If the rigging that was put on the boat originally was of good quality, it should still be good now. My Morgan 33OI...that we bought when it was over 25 years old had the original rigging and sails on it. I had the boat re-rigged completely...for a little over $1200.00 a few years ago. It only needed one or two shrouds replaced...due to minor cracks in the swages. So I had the whole boat done so all of the rigging was new. The sails were in fair condition, but the 150% genny needed a new UV cover...so we went them all off to Sailcare, ( Sail Care ) and had them cleaned and repaired. That too cost us about $1200.00 and the sails when they came back were like brand new. When we sold the boat, the buyer was amazed at the condition of those sails.

You can box the sails up and send them to them....they will check them out and give you an estimate for cleaning and any needed repairs. I was 100% satisfied with the quality or their work and customer service. Were I to buy another older sailboat....I would send them to them before I would ever think about buying new or used sails.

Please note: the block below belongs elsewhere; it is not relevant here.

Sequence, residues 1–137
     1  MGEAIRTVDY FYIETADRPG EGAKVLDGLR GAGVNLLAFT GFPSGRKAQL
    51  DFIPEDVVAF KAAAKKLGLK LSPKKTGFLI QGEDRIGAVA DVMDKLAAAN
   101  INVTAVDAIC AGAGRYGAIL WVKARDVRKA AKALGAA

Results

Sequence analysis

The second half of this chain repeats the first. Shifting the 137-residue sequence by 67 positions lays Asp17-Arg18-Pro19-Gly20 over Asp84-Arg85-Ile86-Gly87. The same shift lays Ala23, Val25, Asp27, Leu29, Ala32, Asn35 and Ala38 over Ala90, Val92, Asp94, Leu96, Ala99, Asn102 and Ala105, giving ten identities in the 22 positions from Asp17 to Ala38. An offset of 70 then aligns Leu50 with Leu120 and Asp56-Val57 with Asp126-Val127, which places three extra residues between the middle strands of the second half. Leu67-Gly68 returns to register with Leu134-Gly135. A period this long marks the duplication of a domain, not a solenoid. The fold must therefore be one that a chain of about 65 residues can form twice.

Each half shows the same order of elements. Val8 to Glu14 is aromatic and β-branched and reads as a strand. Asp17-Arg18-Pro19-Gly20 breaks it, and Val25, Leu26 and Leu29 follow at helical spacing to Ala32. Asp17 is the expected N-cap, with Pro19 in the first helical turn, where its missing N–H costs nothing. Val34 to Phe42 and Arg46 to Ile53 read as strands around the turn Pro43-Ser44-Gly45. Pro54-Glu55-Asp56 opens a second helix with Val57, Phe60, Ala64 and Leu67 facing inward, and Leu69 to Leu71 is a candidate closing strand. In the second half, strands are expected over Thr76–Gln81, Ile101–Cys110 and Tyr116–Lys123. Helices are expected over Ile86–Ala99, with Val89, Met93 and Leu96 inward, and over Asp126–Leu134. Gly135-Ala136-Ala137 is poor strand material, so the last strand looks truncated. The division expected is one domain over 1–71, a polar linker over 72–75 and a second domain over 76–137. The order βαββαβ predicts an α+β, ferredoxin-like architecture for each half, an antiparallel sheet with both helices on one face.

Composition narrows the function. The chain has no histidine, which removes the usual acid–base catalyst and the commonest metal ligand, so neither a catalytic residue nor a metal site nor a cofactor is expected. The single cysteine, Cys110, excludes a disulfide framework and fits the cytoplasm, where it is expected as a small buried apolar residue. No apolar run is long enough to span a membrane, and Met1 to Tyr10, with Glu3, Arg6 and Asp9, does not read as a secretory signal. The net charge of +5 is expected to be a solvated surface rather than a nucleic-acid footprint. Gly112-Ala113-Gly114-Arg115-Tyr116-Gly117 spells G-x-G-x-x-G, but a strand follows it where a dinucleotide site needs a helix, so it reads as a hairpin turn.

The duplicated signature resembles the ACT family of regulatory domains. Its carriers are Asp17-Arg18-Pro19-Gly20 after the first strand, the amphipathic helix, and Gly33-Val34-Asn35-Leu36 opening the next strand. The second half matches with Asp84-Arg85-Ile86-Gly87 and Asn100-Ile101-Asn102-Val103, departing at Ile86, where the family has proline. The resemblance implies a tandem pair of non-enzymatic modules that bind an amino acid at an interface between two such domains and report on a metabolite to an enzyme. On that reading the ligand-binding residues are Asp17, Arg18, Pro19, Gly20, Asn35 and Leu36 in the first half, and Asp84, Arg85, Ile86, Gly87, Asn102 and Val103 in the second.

As far as the bottom job...depending on the layup of the hull...its quite possible that all that will need to be done is a good power-washing, some sanding, and a couple coats of new paint. On the other hand, if the boat has blisters...it made need repairs ranging from fixing a few blisters, to a full peel job followed by putting on an epoxy barrier coat that can run up over $5000.00 depending on the where and who.

I don't know much about the quality of the hulls on Hunters, but I know that my Morgan which was over 25 years old when we bought her....was still relatively blister free...and built like a tank.

Start with a full survey....and go from there. Its worth it.